Passage to Vienna

Composed in:
for violin, violoncello & piano (in one movement)
16 minutes
Doblinger Music Publishers, Vienna (catalog # 37 233)
Commissioned by:
Opus Tomorrow - the commissioning program of the South Bay Chamber Music Society
Premiere performance:
09/14/2012 at Harbor College in Wilmington, CA by the Saguaro Trio
CD recording:
Gernot Wolfgang, VIENNA AND THE WEST (2019), Albany Records CD TROY 1760



Purchase the sheet music for Passage To Vienna at:

Theodore Front Musical Literature, Inc.


More information about the CD recording of Passage To Vienna.



“Passage to Vienna, for piano trio, instantly reminded me of Piazzolla. However, I hasten to add, this is a much more accomplished piece than any I’ve experienced from Piazzolla. But the flavor is similar - at first. It doesn’t take long for Wolfgang to venture out into his own, very unique territory, proving again what a skillful, inventive composer he is. There is a sensational combination of moods here, from musically singing, lyrical passages, shifting to energetic, rhythmic propulsive ones. And I am once again struck with the superb musicianship of these performers (especially pianist Joanne Pearce Martin) and the excellence of the recorded sound.”

David Rowe, Classical CD Reviews

“Passage to Vienna” for piano trio, the second piece on the album, is a story told in fragments, and exemplifies why this unique fusion works so well. It opens with a beautifully flowing, seductive melody in the piano and repeated unison in the strings. Groovy rhythms precede a jazzy violin solo, done with flair and style. We are then transported to Vienna at the turn of the century, and non-linearity takes over along with strong cinematic colours. The mood shifts back to America toward the end and the opening theme comes back but this time it is coloured with dissonance. Another jazzy violin solo, with added country-style motives and propelling rhythms in the piano bring this piece to a conclusion. The textures are simply divine.”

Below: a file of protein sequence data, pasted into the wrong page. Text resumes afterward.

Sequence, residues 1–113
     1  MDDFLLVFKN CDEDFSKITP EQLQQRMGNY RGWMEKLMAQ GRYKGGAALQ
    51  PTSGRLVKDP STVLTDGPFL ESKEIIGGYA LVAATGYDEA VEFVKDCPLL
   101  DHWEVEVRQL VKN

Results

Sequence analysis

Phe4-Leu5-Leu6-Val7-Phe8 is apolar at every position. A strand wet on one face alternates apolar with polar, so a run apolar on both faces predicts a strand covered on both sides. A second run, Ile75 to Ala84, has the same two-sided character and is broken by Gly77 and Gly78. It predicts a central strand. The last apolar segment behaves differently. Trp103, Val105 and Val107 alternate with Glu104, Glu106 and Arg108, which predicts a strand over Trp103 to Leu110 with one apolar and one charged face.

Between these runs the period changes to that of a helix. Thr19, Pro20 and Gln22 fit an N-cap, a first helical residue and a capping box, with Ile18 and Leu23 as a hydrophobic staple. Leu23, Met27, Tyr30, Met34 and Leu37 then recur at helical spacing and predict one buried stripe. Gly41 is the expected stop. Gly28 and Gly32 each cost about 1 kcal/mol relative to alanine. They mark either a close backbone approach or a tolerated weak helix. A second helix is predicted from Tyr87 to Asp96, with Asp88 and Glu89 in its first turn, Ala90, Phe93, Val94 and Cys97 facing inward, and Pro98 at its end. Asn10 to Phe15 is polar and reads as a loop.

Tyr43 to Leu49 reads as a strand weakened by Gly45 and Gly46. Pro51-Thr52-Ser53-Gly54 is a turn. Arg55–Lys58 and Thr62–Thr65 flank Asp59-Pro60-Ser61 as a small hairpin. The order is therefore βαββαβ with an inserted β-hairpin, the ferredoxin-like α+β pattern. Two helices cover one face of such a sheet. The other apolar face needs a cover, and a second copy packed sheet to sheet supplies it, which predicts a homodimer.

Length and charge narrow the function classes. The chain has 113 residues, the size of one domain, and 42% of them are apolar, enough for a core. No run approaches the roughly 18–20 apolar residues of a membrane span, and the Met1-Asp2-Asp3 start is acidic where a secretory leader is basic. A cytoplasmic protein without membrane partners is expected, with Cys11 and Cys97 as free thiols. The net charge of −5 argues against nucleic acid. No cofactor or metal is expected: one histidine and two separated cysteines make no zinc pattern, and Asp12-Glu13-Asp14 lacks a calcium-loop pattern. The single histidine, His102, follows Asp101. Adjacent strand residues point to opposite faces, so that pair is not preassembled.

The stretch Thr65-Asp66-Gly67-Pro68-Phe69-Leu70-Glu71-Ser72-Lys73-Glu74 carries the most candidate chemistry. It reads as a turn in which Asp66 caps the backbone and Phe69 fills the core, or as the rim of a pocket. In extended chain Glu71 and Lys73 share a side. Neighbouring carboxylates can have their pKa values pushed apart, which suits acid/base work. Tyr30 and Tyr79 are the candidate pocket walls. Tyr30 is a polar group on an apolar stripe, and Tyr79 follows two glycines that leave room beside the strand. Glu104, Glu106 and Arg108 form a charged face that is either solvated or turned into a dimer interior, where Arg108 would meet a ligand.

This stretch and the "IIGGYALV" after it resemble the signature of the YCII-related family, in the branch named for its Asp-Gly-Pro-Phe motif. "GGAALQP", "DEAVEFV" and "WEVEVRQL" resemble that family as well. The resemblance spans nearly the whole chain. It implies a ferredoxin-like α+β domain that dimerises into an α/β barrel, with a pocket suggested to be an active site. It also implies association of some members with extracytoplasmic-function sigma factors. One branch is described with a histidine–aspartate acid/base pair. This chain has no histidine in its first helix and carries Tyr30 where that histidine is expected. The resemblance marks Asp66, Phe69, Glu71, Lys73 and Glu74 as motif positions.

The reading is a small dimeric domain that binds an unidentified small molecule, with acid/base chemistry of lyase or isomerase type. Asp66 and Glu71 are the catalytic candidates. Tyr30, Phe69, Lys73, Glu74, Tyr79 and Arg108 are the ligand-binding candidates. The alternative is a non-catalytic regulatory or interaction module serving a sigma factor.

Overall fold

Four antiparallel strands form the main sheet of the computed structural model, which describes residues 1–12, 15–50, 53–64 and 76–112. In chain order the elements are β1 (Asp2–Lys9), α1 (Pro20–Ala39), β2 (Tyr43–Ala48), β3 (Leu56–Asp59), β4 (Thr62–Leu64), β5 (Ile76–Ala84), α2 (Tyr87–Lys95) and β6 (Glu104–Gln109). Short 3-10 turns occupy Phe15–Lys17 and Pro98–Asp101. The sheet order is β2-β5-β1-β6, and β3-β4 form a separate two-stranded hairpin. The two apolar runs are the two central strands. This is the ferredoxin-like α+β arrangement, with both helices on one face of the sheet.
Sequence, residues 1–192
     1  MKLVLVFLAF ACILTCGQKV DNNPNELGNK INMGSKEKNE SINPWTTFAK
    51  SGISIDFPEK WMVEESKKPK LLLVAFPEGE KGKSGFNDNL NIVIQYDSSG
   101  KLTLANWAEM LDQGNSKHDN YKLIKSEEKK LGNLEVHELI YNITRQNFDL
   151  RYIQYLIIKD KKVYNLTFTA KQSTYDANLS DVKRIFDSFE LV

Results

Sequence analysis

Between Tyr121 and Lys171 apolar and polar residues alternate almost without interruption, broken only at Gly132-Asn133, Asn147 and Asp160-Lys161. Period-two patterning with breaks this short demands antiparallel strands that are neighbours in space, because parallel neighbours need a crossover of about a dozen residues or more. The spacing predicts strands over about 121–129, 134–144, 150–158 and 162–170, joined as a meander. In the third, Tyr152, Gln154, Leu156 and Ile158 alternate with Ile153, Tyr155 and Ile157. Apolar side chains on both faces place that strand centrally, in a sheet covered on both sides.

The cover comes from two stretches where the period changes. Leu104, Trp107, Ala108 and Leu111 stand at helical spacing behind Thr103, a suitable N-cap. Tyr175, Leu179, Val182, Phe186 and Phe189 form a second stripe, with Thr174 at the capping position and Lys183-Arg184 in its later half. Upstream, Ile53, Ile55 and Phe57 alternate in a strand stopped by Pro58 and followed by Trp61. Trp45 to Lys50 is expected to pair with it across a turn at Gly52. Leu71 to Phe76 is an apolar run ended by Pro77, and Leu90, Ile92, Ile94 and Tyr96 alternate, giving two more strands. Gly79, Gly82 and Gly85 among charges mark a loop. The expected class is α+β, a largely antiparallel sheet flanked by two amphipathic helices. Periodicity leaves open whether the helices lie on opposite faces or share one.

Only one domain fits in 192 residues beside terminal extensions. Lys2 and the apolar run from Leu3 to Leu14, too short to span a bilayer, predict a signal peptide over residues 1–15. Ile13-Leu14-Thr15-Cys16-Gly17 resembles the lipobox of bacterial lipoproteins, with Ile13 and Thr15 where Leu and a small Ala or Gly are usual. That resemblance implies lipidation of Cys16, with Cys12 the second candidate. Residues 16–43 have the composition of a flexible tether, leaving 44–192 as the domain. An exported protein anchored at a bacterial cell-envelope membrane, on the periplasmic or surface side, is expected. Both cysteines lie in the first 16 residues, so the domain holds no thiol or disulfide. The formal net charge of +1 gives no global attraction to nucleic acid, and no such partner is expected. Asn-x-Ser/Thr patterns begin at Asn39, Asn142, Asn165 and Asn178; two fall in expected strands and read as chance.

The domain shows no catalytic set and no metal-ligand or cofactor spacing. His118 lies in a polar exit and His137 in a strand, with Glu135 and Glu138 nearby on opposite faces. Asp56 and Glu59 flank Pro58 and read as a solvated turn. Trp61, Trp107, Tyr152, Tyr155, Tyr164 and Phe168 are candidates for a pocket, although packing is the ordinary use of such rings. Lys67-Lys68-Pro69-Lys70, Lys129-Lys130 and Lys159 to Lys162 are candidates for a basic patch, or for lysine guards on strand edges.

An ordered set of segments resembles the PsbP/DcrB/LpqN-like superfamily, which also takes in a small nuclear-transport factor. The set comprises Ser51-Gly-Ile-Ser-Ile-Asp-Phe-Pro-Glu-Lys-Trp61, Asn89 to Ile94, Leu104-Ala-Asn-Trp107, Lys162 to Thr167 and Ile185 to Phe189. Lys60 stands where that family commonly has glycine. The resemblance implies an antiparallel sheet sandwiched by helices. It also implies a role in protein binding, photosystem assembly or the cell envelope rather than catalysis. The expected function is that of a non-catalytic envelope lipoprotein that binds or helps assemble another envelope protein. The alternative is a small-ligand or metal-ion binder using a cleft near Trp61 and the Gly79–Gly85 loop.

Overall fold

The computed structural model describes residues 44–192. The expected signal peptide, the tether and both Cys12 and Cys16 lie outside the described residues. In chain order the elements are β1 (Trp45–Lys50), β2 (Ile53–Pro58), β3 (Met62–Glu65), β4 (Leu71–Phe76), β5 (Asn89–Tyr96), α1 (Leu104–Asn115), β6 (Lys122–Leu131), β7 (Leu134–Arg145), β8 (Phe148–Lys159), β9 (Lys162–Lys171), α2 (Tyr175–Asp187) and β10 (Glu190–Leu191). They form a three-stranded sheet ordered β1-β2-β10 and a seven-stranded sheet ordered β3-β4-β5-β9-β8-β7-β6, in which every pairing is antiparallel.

Ivana Popovic, The Whole Note

“The piano trio Passage to Vienna is a more serious work, dealing with the Old World/New World dialectic that has given us so many great works of art, from Henry James to Heitor Villa-Lobos. This is Anton Webern played late at night, after Dave Brubeck and Paul Desmond have finished their final set.”

Dean Frey, Music for Several Instruments

“The album continues to impress with pieces that very clearly demonstrate Californian and Viennese influences in ways that surprisingly complement each other. Standouts include “Passage to Vienna” for piano trio, in which the composer takes us from contemporary America back to early 1900s Vienna (think Schoenberg and Webern) and back again.”

Jeffrey Palmer, CutCommon

“Blends of early 20th Century Austrian masters of the Second Viennese School can be heard in the dissonance and harmonic structures in the piano trio Passage to Vienna (2012).  That component is at the center of the work that opens with a piano thematic statement that then becomes a jaunty violin line with jazz inflections.  The jazzy syncopations that begin to appear in the piano add some great forward drive as the improvisatory sound of the violin soars above it.  The blocks of sound and clusters that begin to pile up at the center are a nod to Wolfgang’s Austrian musical roots, but maintains a sense of extended jazz harmonies which “come back” from their European visit slightly more dissonant than before.”

Steven Kennedy, Cinemusical

“Passage to Vienna” charts a stylistic journey to the city of Schoenberg, Berg and Webern and then back to America. The opening piano theme sounds weirdly like Mussorgsky’s Pictures for a brief moment and this rather Slavic element permeates some of the music. Wolfgang’s mastery of the ‘pizzicato bass’ is also evident here as the music is irradiated by jazz before it calms for slow refractive reflections of twelve-tone, notably from the anchoring piano. This in turns generates a bop mood, the cello-as-bass adding to the mix once again and creating driving, resinous fun”.

Jonathan Woolf, Musicweb-International